Hepatocellular carcinoma (HCC) is a cancer of the liver, accounting for 80 – 90% of all liver cancer cases worldwide.
Most of these cases are the aftereffect of cirrhosis (scarring of the liver) which is usually secondary to disorders such as viral hepatitis, hepatitis B & C, alcohol abuse, hemochromatosis (the excessive absorption of dietary iron), various autoimmune disease of the liver, and other disorders that cause chronic liver inflammation.
In parts of the world where hepatitis is endemic, primary malignancies of the liver such as HCC occur more than any other type of cancer. It should be noted that hepatitis A and several other viral hepatitides do not result in chronic infection and, thus, do not cause HCC.
In North American, Europe, and parts of the world where hepatitis is not endemic, HCC occurs much less frequently (it is considered a rare tumor in the U.S.) and such malignancies are usually the result of metastasizing tumors located elsewhere in the body.
Hepatitis B and/or C assist the progression of hepatocellular carcinoma because such hepatitides cause the body’s immune system to attack the liver cells, some of which are undoubtedly infected by the hepatitis virus.
This stimulates a cycle of cellular damage followed by cellular repair that often results in mistakes during the repair process. These mistakes may include the mutation of liver cell machinery that cause liver cells to replicate at a higher rate, resulting in tumor growth.
Furthermore, cell machinery mutation may also result in cells that live much longer than normal cells, once again resulting in tumor growth.
Common Signs and Symptoms
A major indicator of the presence of hepatocellular carcinoma in the body is abdominal pains and/or tenderness in the right-upper quadrant of the abdomen (where the liver is lcoated). Other indicators include an enlarged abdomen, easy bruising and/or bleeding, and jaundice (a yellow discoloration of the skin and eyes).
Most patients with chronic viral hepatitis are surveilled with ultrasound to aid in the detection of hepatocellular carcinoma. Ultrasound is readily accessible worldwide and it is very cost-effective. In the Western world, however, the most common method of HCC detection is computed tomography (CT scan).
This procedure is considerably more accurate than ultrasound in detecting small/ and or poorly defined tumors. Magnetic resonance imaging (MRI) is an alternative to the CT scan, but is more expensive and not as readily available because MRI machines are rare and comparatively few radiologist are skilled at finding tumors with MRI. It should be noted, that in most parts of Europe, parts of Asia, and in the U.S., MRI are being used quite frequently for tumor detection.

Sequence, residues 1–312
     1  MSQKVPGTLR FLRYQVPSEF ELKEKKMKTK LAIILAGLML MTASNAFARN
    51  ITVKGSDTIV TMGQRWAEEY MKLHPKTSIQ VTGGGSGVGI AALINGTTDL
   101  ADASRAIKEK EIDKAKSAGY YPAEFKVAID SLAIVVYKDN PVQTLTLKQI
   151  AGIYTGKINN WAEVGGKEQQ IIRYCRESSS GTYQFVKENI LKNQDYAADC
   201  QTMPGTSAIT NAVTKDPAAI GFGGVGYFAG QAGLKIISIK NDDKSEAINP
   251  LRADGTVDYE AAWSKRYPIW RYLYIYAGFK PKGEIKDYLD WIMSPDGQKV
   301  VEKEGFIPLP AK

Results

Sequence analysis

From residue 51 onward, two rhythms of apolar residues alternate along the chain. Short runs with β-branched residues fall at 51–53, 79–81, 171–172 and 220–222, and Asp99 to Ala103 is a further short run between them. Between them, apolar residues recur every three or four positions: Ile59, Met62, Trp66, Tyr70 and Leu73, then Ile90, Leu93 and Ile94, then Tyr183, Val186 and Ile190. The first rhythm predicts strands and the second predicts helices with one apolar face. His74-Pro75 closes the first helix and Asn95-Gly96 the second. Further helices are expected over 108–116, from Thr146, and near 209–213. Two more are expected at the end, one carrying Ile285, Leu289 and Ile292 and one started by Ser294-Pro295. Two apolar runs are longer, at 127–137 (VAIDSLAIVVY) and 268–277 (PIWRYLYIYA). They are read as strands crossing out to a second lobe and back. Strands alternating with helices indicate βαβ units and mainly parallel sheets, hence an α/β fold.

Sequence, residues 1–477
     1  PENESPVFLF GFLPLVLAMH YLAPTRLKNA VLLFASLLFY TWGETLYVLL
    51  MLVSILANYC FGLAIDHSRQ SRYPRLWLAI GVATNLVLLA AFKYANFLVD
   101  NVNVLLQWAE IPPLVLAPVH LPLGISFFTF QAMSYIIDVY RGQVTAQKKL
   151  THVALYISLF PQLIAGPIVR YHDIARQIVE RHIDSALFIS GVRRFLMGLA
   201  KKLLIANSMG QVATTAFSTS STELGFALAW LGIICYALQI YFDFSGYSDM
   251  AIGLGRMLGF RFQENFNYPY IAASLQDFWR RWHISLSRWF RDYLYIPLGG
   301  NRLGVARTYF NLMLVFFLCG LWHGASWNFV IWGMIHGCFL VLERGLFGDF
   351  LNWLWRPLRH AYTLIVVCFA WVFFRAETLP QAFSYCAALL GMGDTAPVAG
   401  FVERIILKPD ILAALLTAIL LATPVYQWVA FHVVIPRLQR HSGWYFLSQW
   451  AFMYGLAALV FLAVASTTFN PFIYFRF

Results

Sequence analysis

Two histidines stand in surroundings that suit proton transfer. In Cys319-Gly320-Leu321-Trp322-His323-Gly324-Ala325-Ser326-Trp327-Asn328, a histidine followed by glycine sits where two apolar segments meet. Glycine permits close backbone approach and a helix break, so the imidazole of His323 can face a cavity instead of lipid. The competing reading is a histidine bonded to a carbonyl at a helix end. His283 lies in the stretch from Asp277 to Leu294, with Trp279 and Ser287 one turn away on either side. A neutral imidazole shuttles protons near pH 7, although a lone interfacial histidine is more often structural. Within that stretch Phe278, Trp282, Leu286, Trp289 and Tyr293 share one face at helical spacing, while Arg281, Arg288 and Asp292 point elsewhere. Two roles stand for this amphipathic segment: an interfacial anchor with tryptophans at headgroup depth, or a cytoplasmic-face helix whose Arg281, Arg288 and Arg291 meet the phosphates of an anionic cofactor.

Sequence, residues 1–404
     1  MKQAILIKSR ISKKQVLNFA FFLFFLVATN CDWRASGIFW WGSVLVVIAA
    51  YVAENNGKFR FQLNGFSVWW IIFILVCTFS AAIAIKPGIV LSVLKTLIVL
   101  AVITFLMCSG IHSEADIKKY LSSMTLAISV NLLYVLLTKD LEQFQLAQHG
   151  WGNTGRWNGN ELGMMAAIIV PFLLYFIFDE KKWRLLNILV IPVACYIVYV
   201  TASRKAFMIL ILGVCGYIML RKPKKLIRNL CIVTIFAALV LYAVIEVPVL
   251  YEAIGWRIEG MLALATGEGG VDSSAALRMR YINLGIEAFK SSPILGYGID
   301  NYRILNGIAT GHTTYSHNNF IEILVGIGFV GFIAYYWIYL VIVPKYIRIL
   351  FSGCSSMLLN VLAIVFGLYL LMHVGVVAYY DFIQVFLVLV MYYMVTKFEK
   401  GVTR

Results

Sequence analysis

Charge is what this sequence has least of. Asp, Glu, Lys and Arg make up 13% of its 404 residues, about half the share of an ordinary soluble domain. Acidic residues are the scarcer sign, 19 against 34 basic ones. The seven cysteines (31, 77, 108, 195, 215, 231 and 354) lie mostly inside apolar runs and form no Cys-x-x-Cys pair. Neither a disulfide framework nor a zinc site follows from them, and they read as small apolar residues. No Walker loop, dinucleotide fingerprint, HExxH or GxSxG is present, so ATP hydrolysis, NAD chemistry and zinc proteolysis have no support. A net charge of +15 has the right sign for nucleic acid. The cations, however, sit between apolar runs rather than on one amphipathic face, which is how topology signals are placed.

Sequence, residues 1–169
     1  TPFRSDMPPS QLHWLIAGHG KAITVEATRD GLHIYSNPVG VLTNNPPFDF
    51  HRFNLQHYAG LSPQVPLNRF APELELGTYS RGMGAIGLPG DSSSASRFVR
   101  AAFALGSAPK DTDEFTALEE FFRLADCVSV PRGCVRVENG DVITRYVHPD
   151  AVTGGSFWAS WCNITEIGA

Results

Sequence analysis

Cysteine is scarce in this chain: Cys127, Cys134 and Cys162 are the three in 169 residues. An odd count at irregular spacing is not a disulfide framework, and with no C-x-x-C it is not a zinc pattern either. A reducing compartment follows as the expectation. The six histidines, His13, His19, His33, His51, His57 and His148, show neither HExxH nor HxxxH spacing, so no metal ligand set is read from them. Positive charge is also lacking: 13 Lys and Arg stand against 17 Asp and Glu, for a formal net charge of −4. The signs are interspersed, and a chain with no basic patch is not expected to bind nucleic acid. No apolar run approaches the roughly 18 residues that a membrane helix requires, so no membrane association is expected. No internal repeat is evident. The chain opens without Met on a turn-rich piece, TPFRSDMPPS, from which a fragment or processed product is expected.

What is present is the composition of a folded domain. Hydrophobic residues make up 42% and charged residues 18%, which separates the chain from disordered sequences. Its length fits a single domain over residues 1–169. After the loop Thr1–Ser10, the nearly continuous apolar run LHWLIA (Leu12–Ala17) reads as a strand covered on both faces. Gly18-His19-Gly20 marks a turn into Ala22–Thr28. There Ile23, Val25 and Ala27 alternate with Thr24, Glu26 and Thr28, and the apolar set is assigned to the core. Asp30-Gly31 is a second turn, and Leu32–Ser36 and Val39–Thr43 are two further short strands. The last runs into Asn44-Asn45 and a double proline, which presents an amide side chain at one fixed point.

If HCC is diagnosed early, aggressive surgical resection or liver transplantation can be successful in reducing and/or reversing symptoms. These procedures usually lend themselves to the longest survival rates after diagnosis, but are only possible in 10-15% of cases. It should be noted that surgery and transplantation are usually only effective in patients with small and/or slow growing tumors.
HCC does not usually respond well to chemotherapy and/or radiation treatments. However, chemo and radiation are often administered to shrink large tumors, resulting in an elevated the chance of successful surgery and/or transplantation.
A new technique known as cryosyrgery, is being used to destroy tumors in the brain, breast, kidney, prostate, and liver. This surgery is characterized byt he destruction of abnormal tissue using sub-zero temperatures. In this procedure, the tumor is not removed, but is reabsorbed into the body. Initial results have shown that cryosurgery has roughly the same results as surgical resection.
Many other treatments such as hormone therapy, high intensity focused ultrasound, and various injections have been shown to minimize symptoms, but are not curative. Because of the disease’s high morbidity and mortality rates, patients should consider ascertaining information regarding new and experimental treatments from their physicians.
HCC’s typical outcome is poor, because only 10 – 20% of such tumors are candidates for surgical resection and/or transplantation. If the tumor cannot be completely removed, HCC usually results in death within 3 to 6 months. It should be noted that patients have survived much longer than this.